Daily Inter Lake
September 28th, 2019
Colin Gaiser

Even with the Republican primary over eight months away, Attorney General Tim Fox is wasting no time courting Montanans as he seeks the Republican nomination for governor.

He had traveled 3,400 miles – all by car – in the two weeks before he sat down with the Daily Inter Lake editorial board on Thursday to talk about his campaign.

Fox was the clear front-runner for the Republican nomination before U.S. Rep. Greg Gianforte, R-Mont., threw his name in the hat in early June. Fox said he was “wasn’t surprised” that Gianforte entered the race, even though Gianforte had “promised” to run for re-election as Montana’s lone representative in the U.S. House.

A Sept. 4 poll by Florida-based Gravis Marketing showed Gianforte with 56% support among Montana Republicans and Fox in second at 29%. But Fox was not necessarily concerned by this poll conducted so long before the actual election.

“Gianforte’s run three state campaigns in three years,” Fox said. “He has the name recognition.”

Fox said Gianforte’s failure to win the governor’s race in 2016 despite spending nearly $6 million of his own money indicates he in “unelectable” in a general election.

Fox added that being a Montana native will give him an advantage as voters get to know the candidates. Fox grew up in Hardin, has three degrees from the University of Montana and has practiced law in both Billings and Helena.

“I’ve served Montanans in the private and public sectors for many years,” Fox said, and having lived in both Eastern and Western Montana he added that he “has a good flavor of the demographics of Montana.”

The state is seemingly doing well after 16 years of Democrats in the governor’s seat, with unemployment at a 10-year low of 3.3%, continued economic expansion and a thriving tourism industry. But Fox believes there are numerous underlying issues the former and current governors – Brian Schweitzer and Steve Bullock – have not addressed.

He maintains the governors’ actions have been “polarizing,” with an “incessant need to stroke egos” by seeking “prestige” through their positions.

Fox said he would aim to act with “civility and statesmanship” as governor and wants to cultivate an environment where communities are working together to tackle the issues. Even in the current political environment, he is optimistic about working across party lines.

“We need to bring down the silos,” he said. “There’s nothing we can’t do if we work together and pull together.”

Fox pointed out that economic conditions in rural Montana do not match the rosy economic outlook presented by the governor’s office. He said Schweitzer and Bullock have failed to address the economic struggles of rural communities and poor access to health care in these areas.

But most of all, the Democratic governors have failed to adequately address the substance-abuse crisis, Fox asserted.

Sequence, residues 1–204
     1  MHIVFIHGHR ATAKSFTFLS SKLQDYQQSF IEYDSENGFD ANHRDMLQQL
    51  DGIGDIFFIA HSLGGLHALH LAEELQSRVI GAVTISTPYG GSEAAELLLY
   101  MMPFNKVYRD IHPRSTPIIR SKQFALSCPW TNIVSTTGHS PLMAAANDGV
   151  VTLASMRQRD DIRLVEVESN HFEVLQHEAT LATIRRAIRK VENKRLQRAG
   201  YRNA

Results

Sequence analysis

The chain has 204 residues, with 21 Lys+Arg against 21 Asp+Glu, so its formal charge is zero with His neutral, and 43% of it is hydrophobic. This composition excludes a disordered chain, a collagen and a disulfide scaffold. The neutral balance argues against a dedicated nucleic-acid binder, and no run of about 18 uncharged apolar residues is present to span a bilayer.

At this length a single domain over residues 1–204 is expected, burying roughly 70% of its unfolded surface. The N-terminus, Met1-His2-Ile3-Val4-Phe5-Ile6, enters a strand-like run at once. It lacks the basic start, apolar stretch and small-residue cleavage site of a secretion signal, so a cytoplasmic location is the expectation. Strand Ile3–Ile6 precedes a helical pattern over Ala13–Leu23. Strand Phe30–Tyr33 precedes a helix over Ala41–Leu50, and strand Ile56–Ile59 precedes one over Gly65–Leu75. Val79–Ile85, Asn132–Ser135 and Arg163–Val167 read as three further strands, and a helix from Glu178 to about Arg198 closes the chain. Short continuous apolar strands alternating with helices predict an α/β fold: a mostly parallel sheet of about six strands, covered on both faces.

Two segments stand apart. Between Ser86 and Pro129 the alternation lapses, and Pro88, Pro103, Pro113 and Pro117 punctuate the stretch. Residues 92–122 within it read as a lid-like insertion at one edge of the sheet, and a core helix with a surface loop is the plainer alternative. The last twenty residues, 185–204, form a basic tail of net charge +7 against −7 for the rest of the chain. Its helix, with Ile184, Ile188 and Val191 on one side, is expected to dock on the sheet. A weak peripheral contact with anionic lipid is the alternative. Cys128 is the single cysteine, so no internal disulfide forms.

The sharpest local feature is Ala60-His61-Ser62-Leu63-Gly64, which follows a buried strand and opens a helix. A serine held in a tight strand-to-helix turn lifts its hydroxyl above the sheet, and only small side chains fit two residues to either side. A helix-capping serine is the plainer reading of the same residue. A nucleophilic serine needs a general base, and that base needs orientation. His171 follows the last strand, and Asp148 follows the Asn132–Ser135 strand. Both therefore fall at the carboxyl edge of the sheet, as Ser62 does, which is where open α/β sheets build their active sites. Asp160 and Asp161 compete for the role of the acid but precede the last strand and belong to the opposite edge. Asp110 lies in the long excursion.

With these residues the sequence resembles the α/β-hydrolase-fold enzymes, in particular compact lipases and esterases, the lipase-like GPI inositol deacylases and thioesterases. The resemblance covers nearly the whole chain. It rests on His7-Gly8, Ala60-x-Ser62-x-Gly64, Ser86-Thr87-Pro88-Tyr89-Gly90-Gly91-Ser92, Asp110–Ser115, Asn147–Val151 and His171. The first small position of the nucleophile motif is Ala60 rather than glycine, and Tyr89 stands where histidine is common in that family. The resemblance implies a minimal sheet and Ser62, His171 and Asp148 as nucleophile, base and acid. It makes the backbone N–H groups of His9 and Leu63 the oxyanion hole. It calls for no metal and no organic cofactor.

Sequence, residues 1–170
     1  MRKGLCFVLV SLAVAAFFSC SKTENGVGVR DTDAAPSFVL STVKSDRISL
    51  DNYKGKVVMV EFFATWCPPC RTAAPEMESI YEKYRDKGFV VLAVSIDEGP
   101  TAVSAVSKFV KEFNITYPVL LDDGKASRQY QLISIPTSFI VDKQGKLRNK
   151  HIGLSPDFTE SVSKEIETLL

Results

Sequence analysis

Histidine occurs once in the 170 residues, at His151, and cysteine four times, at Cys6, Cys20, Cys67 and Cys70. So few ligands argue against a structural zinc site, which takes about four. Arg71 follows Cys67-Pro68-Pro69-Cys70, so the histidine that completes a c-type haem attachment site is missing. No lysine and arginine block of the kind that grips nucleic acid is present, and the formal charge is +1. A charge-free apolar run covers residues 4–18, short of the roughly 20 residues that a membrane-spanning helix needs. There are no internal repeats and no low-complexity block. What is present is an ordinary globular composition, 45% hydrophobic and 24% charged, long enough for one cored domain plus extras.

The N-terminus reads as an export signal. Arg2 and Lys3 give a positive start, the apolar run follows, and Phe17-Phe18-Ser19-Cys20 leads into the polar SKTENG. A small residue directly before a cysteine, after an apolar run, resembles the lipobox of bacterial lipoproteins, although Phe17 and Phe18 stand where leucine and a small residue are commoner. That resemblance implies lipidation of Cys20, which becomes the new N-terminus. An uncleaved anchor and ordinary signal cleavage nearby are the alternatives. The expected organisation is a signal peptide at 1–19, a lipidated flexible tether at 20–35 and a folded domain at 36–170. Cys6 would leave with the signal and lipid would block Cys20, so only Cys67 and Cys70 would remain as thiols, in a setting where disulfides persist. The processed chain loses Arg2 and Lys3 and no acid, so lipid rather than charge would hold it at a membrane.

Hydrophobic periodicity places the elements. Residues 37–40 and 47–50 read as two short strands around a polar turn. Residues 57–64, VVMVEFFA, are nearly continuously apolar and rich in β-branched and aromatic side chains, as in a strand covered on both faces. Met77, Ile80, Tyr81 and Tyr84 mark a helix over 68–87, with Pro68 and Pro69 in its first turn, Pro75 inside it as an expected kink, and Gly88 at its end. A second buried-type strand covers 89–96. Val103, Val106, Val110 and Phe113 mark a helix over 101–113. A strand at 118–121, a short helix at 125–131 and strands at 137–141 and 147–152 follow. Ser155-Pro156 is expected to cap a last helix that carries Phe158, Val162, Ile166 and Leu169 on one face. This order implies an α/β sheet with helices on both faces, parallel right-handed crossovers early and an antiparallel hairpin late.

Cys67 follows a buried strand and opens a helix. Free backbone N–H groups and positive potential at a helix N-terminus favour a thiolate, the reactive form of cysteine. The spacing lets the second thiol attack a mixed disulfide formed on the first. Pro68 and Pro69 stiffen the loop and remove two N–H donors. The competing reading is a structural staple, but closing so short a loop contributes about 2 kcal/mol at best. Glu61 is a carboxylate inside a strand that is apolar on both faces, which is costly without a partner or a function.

“The substance-use disorder crisis is the number-one crisis in our state,” he said. “We all know somebody who knows somebody who’s had an issue.”

Fox is proud of his record on tackling substance abuse in Montana since he became attorney general in 2013. He worked with the Montana Senate on House Bill 86, a bill that combats “doctor-shopping” by opiate addicts and limits opioid prescriptions for certain patients.

Fox also highlighted his efforts to tackle human trafficking in Montana. His office has partnered with organizations such as Soroptimist International of Whitefish, along with law enforcement officials across the state to implement a system that imposes harsher punishments on recruiters while offering support to survivors of sex and labor trafficking.

Shared Hope International, a nonprofit organization working to stop sex trafficking, gave Montana an “A” in its 2018 report card for the state’s efforts to combat human trafficking. The state received a “D” as late as 2014.

Fox has since expanded his focus to tackle the issue of murdered and missing indigenous women.

“I think Montana is taking the lead in states with Native American populations,” he said.

Fox said he would like to keep tackling these issues as attorney general, but believes he can do plenty of good from the governor’s office – as long as he is more accessible than he believes previous governors have been.

“It’s not a Democrat or Republican thing,” Fox said. “Life’s all about relationships, and so are politics.”

“There are plenty of people who don’t like my politics but believe I’m a good person,” he added.

When asked about what he hopes his greatest accomplishment would be after his first term as governor, Fox was vague, but emphasized his optimistic vision of working with Montanans of all backgrounds and political stripes.

“I will hope I did all the right things for all the right reasons and lived with civility and statesmanship,” Fox said. “It won’t be my accomplishment, it will be our accomplishment.”

“If you’re going to leave a legacy, it should be a legacy of more leaders,” he added.

The Republican gubernatorial primary election takes place on June 2, 2020.

Read the full article here.